Survey Highlights Pervasive Drug Diversion Problem in U.S. Hospitals

By Jay Kumar

A new survey of healthcare professionals found that most of them agree that drug diversion is a problem in U.S. hospitals, but nearly half of those facilities don’t have programs in place to detect diversion.

Released by cloud-based software maker Invistics and conducted by Porter Research, the survey found that 86% surveyed have met or know someone who has diverted drugs, with another 43% indicating their facility could be at risk of fines, bad publicity, lawsuits, or overdoses because of past or potential drug diversion cases.

“Despite the awareness of the issue, drug diversion is notoriously difficult to detect,” said Tom Knight, CEO of Invistics. “It’s exciting to see that healthcare executives who want to create stronger drug diversion programs recognize that emerging technologies like advanced analytics and machine learning can help them achieve more accurate, timely results.”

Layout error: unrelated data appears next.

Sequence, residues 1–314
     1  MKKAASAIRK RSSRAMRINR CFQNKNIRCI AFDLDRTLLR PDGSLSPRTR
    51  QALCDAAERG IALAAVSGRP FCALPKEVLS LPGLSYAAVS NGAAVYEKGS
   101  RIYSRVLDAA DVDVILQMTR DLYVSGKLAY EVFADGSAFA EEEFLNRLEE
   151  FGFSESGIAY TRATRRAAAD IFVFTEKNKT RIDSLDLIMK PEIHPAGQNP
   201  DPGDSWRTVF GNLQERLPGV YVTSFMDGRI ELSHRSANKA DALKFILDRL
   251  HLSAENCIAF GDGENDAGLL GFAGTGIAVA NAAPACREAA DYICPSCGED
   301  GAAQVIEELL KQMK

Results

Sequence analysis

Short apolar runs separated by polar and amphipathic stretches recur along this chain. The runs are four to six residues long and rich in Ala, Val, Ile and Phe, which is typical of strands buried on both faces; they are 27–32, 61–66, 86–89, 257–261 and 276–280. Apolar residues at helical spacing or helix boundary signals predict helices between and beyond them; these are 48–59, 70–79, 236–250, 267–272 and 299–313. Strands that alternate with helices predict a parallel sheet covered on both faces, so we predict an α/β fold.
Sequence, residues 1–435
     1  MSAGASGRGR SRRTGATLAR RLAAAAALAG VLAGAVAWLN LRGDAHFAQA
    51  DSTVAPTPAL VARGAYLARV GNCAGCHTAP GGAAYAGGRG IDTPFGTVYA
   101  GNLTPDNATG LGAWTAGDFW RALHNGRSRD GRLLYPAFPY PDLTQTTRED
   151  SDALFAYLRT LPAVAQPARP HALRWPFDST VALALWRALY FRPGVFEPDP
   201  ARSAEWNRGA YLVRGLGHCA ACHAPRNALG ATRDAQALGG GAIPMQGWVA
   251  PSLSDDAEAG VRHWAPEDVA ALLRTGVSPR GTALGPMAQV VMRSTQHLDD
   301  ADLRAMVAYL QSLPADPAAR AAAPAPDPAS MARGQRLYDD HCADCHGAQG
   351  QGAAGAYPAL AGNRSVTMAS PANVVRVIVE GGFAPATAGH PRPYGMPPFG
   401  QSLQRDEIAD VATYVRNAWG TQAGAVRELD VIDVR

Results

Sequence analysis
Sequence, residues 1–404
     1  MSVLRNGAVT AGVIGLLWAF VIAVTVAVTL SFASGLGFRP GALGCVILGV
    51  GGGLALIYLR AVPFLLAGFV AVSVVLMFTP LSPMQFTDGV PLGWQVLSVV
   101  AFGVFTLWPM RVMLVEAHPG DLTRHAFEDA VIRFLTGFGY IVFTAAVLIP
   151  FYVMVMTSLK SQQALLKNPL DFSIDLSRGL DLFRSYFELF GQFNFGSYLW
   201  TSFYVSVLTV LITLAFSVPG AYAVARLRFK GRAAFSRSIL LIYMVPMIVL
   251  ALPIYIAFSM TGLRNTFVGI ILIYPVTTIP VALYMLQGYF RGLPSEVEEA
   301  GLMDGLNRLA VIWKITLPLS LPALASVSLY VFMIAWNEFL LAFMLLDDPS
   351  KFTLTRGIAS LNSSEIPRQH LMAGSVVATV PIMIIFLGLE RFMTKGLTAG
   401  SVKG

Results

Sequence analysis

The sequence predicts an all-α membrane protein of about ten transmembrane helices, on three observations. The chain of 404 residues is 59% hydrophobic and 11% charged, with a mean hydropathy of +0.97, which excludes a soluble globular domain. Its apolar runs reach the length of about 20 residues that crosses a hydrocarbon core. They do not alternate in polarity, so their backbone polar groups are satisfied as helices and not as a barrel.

Other findings of the survey include:

  • Nine in ten surveyed say they believe their facility’s drug diversion program is the same or even better than other organizations, and two out of three are confident or very confident that their drug diversion program successfully identifies employees that divert drugs; yet, 70% of participants said they believe most diversion incidents in the U.S. go undetected.
  • When asked to rate their confidence levels on a scale of 1-5 (with 5 being very confident), slightly less than half (47%) said they are very confident that the drug diversion program at their facility meets audit requirements for DEA, Board of Pharmacy, and The Joint Commission.
  • Survey respondents are losing confidence in traditional drug diversion detection methods. In the last two years, the percentage of respondents who said ADC reports are effective or very effective at the identification and/or prevention of drug diversion dropped from 78% to 52%.
  • The survey found that healthcare professionals recognize the value of machine learning and advanced analytics solutions. Sixty-five percent say that machine learning software is an effective tool to uncover drug diversion and 84% think advanced analytics solutions are effective.

The survey was conducted in October and November 2019, with 235 healthcare professionals participating. Of that total, 138 have a diversion program at their facility. Porter Research surveyed directors of pharmacy, nursing executives, compliance executives, and drug diversion specialists.